Dr Andrew Fronsko

Princpal, ADIIS Group
  • ADIIS Group
  • Australia

About Dr Andrew Fronsko

as also instrumental in the conceptual design of Australia’s National Injury and Disability Insurance Schemes (NIIS & NDIS). Andrew is currently the Principal of ADIIS Group in 2014, which over the past several years has provided advice to various government regulators/insures and private sector insurers in areas such as better practice in scheme administration, strategic planning, risk based supervision and legislative design/reform. Andrew has also been active overseas with a recent assignment for a major African CTP Insurer to develop a new 5-year strategic plan, and mission with the World Bank Group to provide advice on post-crash care in India for people severely injured motor vehicle accidents. Prior to establishing the ADIIS Group in 2014, Andrew was the General Manager Motor Accidents Compensation scheme in the Northern Territory also administering the Territory’s public sector workers’ compensation claims. Prior to that, Andrew held executive management roles with the Transport Accident Commission and Department of Treasury and Finance in Victoria. Andrew has also been the national product manager of CTP Insurance for a major Australian Insurer, and worked with Suncorp in senior roles to oversee the integration of the GIO workers’ compensation and Promina insurance portfolios post acquisition. Andrew has a Doctorate in Insurance, MBA (Monash University School of Economics) and a Graduate Diploma in Applied Finance. Andrew is a Graduate Member of the Australian Institute of Company Directors, and part-time lecturer in the field of personal injury scheme design and scheme evaluation.

Recent Comments

May 20, 2019
Replying to Dr Andrew Fronsko

Hi Anthony

My interest [and background experience] is in the regulatory design and administration of the ‘Social Protection Ecosystem’.  This comprises four key elements: social insurance and voluntary insurance systems, and [public] social assistance & welfare support systems. In recent times there is growing recognition of the importance of social inclusion for system beneficiaries; tailoring services to meet individual needs; inter-agency coherence (alignment of effort) and ensuring overall economic efficiency within budget and resource constraints.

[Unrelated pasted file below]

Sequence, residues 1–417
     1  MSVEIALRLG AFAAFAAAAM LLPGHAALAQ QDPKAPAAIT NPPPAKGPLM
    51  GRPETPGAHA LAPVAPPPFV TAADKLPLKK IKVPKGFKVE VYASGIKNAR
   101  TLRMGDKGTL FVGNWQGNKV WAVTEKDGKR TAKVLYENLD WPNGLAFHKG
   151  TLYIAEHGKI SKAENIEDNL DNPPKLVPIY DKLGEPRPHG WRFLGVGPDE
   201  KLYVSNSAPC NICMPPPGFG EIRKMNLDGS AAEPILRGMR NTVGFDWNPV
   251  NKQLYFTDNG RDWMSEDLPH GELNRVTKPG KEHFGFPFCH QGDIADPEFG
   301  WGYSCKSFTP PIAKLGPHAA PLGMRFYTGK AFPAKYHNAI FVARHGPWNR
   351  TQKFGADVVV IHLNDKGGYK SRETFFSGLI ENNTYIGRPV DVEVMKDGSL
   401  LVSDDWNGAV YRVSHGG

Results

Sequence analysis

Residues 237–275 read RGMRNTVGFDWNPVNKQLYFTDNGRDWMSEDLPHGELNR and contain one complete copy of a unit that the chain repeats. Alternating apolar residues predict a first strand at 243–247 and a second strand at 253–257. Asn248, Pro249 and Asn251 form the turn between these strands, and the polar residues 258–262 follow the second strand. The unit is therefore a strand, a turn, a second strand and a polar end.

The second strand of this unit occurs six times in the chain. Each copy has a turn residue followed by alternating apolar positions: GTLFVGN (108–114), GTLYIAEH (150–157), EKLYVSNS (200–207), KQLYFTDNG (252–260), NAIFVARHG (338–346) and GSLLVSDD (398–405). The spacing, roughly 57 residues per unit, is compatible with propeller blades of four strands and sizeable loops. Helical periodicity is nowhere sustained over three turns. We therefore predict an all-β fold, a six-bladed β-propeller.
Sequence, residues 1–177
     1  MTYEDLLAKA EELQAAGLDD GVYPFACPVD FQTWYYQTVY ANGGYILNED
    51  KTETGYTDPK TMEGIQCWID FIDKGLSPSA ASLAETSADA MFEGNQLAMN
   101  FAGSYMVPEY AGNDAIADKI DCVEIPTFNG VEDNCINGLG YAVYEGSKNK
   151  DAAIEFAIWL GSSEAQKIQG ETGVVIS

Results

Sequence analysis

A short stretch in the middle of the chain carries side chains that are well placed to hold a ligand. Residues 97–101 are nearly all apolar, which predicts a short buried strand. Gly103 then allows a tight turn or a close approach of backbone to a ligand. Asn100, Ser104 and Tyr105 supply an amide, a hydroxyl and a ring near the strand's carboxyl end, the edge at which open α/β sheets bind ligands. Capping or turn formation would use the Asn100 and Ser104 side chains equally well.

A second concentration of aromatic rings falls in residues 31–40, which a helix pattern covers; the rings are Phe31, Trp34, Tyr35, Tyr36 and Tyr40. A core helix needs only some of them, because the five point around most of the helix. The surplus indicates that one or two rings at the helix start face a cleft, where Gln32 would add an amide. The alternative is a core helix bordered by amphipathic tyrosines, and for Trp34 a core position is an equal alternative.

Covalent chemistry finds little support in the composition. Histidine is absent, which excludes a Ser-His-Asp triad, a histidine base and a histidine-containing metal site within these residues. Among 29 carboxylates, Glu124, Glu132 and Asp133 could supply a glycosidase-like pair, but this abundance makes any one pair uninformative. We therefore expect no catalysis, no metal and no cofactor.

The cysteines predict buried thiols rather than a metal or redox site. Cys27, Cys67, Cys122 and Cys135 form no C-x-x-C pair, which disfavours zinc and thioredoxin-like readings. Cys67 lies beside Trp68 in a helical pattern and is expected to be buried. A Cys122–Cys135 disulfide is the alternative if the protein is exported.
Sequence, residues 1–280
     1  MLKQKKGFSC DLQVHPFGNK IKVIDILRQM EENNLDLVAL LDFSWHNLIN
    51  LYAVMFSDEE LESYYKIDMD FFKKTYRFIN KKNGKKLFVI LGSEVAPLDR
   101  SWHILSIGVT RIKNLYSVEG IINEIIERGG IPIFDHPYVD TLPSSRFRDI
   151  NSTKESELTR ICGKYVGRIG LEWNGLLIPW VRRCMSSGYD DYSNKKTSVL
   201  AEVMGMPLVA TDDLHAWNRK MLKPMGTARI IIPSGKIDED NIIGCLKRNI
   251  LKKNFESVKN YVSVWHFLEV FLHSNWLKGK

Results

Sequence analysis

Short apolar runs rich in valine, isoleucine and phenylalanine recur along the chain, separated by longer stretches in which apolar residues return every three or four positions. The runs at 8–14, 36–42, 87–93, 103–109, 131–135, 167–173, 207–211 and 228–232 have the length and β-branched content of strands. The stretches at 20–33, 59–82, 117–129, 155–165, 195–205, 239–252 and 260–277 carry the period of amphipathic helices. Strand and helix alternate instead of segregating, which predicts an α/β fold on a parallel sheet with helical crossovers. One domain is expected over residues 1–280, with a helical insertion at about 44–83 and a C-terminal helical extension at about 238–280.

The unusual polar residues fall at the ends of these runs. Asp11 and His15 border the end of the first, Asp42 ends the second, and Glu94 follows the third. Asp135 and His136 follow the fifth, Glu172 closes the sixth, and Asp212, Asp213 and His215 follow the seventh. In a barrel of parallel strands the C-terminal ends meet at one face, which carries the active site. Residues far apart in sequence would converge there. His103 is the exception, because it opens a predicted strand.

Moving beyond ‘admiring’ the problem/challenges EMotion will cover, how can regulators best adapt/respond on two fronts.  First, maintaining societal equity and equilibrium with respect to how technology (including the changing nature of work) impacts people and system coverage (e.g. GIG workers in relation to personal injury and employment law, automation and liability insurance, etc.). Second, how technology can better support system beneficiaries (e.g. intelligent identification of need, assistive technologies, etc.).  Finally, how the public/private sector can work in the co-design of social protection reforms/initiatives – this requires new ways of thinking about the calculus [balancing benefit:cost] with respect to specifying the economic and social impact to the community .